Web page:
It took until last year for the Russian minister of culture to confirm that the hoard was indeed there.
The treasure is about 4,400 years old and predates King Priam, whose son, Paris, captured Helen, by more than 1,000 years. This week, international experts will view it for the first time. The Germans will see it first, then a Turk, because Troy was situated in what is now Turkey. Early next month, a British expert will have his turn. What they will see is virtually all the gold, including two head-dresses 20in long and made up of 4,066 gold leaves, 12,171 golden links and a necklace of 8,700 gold beads.
The treasure's travels since its discovery in 1873 have been tortuous, to say the least. Schliemann, a master of subterfuge, magicked his haul away from under the eyes of Turkish authorities who were trying to prevent its export. He stored the collection in a house he owned in Athens. The Turks started proceedings to claim half the treasure. Eventually an out-of-court settlement was reached.
Schliemann hoped his discovery would be displayed at the British Museum, but was turned down. William Gladstone, the prime minister, suggested the South Kensington Museum (now the V&A). The treasure was duly installed and a catalogue prepared, though, sadly, no copies survive.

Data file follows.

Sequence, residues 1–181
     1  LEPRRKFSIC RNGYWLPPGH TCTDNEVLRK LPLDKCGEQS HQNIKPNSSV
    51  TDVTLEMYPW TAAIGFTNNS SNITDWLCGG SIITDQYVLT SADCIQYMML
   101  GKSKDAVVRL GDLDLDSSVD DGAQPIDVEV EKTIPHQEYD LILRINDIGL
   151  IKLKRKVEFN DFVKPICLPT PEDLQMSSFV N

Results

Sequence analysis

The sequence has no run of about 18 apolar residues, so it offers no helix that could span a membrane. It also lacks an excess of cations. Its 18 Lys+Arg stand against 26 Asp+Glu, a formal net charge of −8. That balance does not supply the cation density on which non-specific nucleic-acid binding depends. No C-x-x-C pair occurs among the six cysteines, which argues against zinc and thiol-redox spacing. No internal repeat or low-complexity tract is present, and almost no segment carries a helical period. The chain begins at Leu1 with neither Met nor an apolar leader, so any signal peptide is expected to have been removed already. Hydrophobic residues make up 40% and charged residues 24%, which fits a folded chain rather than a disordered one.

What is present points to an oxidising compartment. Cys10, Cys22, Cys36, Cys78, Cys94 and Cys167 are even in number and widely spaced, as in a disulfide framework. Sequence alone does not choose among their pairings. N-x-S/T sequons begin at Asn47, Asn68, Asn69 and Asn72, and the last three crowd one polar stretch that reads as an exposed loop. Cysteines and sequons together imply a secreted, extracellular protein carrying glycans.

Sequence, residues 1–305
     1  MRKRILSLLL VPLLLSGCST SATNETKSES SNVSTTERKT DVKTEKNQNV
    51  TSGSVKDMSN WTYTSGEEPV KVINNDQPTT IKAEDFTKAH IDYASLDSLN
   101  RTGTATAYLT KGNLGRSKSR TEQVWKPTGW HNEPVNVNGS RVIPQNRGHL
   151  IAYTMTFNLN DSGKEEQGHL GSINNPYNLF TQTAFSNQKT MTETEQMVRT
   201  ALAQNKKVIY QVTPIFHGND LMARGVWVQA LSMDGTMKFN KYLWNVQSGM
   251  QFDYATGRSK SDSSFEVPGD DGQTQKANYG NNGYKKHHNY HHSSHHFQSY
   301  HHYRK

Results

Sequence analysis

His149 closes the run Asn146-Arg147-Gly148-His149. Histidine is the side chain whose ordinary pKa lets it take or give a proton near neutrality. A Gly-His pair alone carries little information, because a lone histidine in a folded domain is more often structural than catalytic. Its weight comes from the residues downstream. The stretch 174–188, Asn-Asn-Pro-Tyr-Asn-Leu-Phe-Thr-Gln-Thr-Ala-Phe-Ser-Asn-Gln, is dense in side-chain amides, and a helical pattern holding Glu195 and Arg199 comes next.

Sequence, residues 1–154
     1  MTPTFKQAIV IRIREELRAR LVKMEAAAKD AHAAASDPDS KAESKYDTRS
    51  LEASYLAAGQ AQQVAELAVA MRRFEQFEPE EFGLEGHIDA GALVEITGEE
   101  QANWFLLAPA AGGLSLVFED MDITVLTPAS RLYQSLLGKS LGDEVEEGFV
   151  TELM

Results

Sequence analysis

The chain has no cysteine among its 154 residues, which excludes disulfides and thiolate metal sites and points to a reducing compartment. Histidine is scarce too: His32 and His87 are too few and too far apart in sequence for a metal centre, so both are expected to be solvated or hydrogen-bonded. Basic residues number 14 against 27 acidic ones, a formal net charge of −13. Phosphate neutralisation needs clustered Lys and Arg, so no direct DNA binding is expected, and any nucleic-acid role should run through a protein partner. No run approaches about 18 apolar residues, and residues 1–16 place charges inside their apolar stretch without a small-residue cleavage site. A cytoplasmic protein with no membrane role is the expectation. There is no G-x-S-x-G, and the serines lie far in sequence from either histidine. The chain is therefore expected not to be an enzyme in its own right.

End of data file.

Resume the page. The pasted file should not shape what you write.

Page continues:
Britain lost its chance of keeping the hoard when Schliemann altered his will in 1879 and left it to Germany. There it remained until 1945. As the Red Army approached Berlin, the plan was to hide it in a salt mine, but the German museum authorities prevaricated and it was taken to Moscow.
Russia is the legal owner, but Germany and Turkey both lay claim to it.
An exhibition at the Pushkin Museum is planned for next year, but what will happen beyond that is anybody's guess.